She says: “I would record really sh**ty voice memos of my songs and put them on SoundCloud and they would connect with people who are on that platform. I would listen to what people had to say and interact with them.”

But Abrams says she still had to overcome her fear of performing.

“Tsunamis and performing are my biggest fears,” she reveals.

“And when I signed my record deal, I was aware that live music was part of their expectation.

“And I felt like such a fraud, signing the deal, because I had never played a show before at all, but I also never wanted to play a show.”

Abrams began touring at the start of last year and after a year of playing live, she’s now a big fan of being on stage.

“I’ve been proved wrong as I love performing. It’s wild now just how much I love it,” she says.

‘I’m so proud of my generation’ 

“One of the many reasons I’m so grateful for these people who come to my shows is because they created a safe space for me to do it. I really believed that I didn’t want to perform or couldn’t.

“With my fans it’s a two-way street as their vulnerability allows me to be myself around them. Now I just want to get out there and play live more as I feel like there’s so much room for me to improve as a person.”

Next month, Abrams will be playing the biggest dates of her career when she opens for Taylor Swift across the US. 

Swift has been a huge supporter of Abrams as well as a good friend.

Getty Images – GettyTalking of her new album, she says: ‘These songs help me feel more comfortable in my own skin’[/caption]

Getty Images – GettyAbrams says she still had to overcome her fear of performing[/caption]

“I’m beyond grateful for the opportunity that Taylor has given me,” she says.

“The second I found out, I texted her and said ‘Dude, what the f***?’. I can’t entirely believe that it is real yet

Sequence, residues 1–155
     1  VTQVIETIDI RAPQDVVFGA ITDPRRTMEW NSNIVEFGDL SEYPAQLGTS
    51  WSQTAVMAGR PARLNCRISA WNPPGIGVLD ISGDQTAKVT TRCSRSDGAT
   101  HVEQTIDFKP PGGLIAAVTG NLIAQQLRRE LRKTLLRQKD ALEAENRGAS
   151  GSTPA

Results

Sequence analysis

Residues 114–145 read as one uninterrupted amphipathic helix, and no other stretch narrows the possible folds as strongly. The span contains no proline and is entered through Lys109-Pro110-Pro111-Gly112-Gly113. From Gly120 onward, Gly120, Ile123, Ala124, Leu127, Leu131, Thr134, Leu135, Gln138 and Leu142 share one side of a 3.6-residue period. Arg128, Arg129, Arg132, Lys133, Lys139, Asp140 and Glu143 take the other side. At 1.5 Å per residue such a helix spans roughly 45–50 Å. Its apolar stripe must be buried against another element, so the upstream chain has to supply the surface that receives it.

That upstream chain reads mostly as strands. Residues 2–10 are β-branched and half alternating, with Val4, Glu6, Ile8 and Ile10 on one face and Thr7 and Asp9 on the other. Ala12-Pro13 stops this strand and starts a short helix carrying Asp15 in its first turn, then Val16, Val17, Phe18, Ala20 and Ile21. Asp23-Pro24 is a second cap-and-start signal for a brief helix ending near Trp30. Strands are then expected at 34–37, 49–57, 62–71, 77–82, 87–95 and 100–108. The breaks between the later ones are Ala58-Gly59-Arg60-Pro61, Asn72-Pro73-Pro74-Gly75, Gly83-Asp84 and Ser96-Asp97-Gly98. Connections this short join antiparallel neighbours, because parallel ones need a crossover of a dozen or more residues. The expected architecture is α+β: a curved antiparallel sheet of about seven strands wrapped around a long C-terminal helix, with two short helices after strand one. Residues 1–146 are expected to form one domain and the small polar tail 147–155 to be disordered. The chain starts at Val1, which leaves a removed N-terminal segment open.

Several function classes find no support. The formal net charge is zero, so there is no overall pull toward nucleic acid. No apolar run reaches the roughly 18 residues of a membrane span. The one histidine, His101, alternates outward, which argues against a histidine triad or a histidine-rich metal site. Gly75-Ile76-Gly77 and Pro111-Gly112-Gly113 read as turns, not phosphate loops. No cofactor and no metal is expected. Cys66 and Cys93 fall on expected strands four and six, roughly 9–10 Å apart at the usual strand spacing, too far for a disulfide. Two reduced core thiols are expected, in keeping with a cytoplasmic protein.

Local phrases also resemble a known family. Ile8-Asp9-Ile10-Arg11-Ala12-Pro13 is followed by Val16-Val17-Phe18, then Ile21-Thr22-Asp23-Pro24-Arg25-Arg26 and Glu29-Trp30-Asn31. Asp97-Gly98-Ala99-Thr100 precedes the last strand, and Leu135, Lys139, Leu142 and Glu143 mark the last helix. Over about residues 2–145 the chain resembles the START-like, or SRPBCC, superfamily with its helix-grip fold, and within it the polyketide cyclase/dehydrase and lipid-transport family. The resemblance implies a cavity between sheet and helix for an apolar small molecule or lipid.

“It’s going to be a masterclass in performing every day on tour.

“It’s been a dream for me as I love Taylor’s music and I love Taylor as a person. 

“I’m very lucky to have her as a friend as she’s so genuine.

“I admire people the most who are just themselves.”

Last year Abrams went out on the road with another famous friend, Drivers License singer Olivia Rodrigo.

She says: “My friends are so supportive and I think it’s a brilliant time to be a woman in music. 

“I’m so proud of my generation.

“Artists who are my age and have been so just unabashedly themselves.”

Feminism is very important to Abrams and for more opportunities to be available to the next generation of female artists.

She says: “I am lucky enough to have been born at the time where so many women have done so much of the heavy lifting to get us to a place where the conversation is so much less of a shock now. 

“There’s so much to do still. I love how a woman can have her own identity today and it doesn’t need to fit in the ‘perfect’ box that people’s standards used to kind of be shaped by.

“I’m very inspired by female artists who have stood the test of time and have longevity with their careers. 

“I’m looking at everyone who’s come before me, who’s done such a brave and important job of talking about all these imbalances along the way.”

Danielle NeuGood Riddance is out now[/caption]


Good Riddance